My fondest dream is to attend college. Unfortunately, I already did; graduate school, too, if you must know. But I wish I could go again.

My son gets to go to college, year after next. At least, that’s what everyone around here is obviously conspiring to have him believe. At his high school they are positively indoctrinating him, with placement tests and honors courses and libraries full of shiny campus brochures.

It’s taken me the better part of a year just to be able to say “college” without retching and lunging out of the room. Abject terror, mainly economic, would clamp down on my lungs, and my solar plexus would begin to implode. But even the most heinous idea can become acceptable given sufficient time. Half a year of hearing otherwise normal neighbors and friends discussing the issue as though it were inevitable has done its work. I’ve become accustomed to the specter of college, unfazed by the approaching tsunami of financial ruin. Like death, there is apparently no way to avoid it. Spasms of panic about how we’ll pay for it just have to be suppressed, like thoughts of credit card balances.

So we’ve been visiting colleges. Actually, it’s turned out to be fun. On three different mornings, my 17-year-old son and I set off early in the car. I drive and he mans the iPod. He carefully selects each individual song and points out interesting facts about the instrumentation and the artists. I try to respond in ways that portray neither my ignorance nor my pathetic desire for him to think I’m cool. Hour after hour on the expressway, he continues to talk to me about music, somehow failing to become disgusted with me. Yesterday, in fact, somewhere in central Illinois, when I attempted to “beatbox,” which involves making a variety of rhythmic, non-vocalized noises with one’s mouth, he actually laughed at me in a good-natured, almost fond manner. Having my children lovingly ridicule me is my absolutely favorite thing.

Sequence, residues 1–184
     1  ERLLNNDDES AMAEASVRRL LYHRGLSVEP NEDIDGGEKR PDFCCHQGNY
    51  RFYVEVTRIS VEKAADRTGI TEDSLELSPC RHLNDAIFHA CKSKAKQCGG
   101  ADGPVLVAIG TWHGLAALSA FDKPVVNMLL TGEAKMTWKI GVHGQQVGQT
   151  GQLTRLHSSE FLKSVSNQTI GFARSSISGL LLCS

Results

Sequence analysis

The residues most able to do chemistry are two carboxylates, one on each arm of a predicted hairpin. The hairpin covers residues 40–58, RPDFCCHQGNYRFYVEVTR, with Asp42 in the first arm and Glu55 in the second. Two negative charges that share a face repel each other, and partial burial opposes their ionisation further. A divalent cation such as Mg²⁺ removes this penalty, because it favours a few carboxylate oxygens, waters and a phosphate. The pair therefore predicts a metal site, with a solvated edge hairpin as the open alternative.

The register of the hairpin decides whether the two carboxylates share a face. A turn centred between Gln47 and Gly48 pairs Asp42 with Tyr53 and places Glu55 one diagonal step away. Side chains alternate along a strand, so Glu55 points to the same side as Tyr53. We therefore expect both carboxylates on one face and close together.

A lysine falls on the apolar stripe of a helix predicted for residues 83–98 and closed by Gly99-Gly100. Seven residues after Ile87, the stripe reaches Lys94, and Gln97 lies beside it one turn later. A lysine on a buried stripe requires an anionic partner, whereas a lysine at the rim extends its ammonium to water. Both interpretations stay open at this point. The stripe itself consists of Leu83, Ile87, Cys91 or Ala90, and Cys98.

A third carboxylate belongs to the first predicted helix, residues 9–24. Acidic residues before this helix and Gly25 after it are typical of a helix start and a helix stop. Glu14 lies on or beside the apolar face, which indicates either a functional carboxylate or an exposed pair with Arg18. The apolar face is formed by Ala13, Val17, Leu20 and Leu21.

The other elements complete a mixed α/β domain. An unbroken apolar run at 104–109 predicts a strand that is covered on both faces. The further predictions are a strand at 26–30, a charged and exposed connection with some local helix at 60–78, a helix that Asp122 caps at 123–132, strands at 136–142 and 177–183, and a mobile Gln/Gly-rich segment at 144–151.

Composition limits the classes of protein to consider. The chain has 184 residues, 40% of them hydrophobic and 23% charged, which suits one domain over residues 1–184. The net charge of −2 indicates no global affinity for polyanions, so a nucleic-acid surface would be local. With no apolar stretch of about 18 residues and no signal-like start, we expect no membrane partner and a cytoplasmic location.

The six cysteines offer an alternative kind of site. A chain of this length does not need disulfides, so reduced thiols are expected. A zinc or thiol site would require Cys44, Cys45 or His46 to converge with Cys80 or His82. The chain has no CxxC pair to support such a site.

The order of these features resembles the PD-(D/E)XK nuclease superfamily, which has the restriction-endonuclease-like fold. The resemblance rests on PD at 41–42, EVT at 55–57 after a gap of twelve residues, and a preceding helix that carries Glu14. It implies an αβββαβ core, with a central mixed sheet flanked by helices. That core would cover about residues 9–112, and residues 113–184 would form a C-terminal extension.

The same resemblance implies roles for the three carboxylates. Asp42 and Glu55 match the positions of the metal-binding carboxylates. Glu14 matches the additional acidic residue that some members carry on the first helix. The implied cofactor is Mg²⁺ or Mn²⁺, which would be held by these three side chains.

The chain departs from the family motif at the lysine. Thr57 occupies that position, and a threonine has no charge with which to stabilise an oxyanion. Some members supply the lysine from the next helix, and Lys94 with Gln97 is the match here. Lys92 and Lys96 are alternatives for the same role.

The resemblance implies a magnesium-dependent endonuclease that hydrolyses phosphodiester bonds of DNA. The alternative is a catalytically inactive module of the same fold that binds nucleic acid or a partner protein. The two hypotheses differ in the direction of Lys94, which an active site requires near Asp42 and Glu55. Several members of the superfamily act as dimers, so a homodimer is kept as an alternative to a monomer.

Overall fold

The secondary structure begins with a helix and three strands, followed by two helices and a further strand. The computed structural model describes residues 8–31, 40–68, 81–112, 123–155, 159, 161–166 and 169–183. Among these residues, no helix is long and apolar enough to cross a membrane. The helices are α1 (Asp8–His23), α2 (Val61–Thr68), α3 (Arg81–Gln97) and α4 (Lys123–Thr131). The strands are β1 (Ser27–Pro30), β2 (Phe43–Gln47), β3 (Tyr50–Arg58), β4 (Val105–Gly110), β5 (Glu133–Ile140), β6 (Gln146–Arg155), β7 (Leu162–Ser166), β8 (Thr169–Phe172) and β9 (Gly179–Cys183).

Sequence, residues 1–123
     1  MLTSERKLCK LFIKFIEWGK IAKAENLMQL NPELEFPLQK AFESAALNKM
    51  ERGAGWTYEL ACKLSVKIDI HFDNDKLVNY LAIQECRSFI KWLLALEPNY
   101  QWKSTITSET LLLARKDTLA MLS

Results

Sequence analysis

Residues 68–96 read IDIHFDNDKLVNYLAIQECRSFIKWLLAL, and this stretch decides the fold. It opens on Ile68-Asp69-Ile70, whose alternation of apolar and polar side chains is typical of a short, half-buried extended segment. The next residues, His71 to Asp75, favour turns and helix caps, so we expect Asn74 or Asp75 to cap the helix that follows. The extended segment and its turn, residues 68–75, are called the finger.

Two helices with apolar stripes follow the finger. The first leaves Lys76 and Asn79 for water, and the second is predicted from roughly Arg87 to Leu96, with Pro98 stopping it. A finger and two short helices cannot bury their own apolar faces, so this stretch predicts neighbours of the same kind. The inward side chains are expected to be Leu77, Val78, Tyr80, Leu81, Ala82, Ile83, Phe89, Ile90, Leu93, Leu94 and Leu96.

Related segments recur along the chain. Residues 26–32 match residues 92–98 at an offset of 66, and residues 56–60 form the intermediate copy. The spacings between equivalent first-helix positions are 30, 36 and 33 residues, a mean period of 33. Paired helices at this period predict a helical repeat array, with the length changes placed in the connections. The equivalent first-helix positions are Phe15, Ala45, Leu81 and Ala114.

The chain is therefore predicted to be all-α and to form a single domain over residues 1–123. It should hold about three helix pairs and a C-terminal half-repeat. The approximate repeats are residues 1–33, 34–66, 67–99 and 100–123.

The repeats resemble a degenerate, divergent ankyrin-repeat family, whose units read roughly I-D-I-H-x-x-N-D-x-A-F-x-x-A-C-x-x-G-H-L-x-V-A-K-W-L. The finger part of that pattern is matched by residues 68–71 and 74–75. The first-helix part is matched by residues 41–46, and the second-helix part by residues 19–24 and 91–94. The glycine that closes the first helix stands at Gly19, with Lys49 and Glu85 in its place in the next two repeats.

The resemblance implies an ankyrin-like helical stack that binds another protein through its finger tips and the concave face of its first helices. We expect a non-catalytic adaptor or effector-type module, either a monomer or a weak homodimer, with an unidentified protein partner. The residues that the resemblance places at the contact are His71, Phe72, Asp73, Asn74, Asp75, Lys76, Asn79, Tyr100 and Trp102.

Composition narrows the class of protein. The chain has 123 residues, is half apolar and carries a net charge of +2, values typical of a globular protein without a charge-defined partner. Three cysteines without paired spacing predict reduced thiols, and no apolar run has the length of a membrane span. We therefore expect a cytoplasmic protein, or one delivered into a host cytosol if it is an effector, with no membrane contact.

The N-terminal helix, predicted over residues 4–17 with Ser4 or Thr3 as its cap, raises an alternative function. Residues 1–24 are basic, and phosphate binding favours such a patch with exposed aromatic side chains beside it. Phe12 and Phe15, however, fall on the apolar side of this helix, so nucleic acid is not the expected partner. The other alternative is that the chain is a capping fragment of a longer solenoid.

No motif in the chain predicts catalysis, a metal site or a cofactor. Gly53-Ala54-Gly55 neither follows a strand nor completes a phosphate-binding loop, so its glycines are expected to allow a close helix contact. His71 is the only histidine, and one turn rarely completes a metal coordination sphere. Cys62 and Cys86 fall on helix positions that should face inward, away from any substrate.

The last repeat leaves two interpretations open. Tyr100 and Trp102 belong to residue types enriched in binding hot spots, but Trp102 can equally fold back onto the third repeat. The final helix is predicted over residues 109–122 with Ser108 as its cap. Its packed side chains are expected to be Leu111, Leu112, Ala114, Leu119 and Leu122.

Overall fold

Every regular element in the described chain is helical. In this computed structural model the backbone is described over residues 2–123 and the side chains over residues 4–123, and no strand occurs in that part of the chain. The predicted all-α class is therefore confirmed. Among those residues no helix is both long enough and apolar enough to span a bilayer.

And what I completely did not expect when we started visiting colleges was how every campus we saw would hold up a different mirror to my own past. Strangely, my history seems to be a lot juicier than the futures of any of my three children promise to be. This surely violates some natural law: Upon every child is visited the sins of the parent; the child is then expected to tend these vices and pass them along to the next generation, increased.

Ooops, I forgot again: my children are not just extensions of my own personality. The three young people for whom I have so far been responsible have their own inner voices to guide them. My son will probably not dance in front of the stage at the freshmen orientation concert and embarrass his roommate. He will probably not ever be found on his hands and knees in the campus tavern, searching underneath tables for the illegal drugs that fell out of his pocket. More than likely, he will not cancel all his early morning classes. Oh, how I wish I could do it all over again. Maybe he’ll ask me to go along with him, you think?

You don’t?

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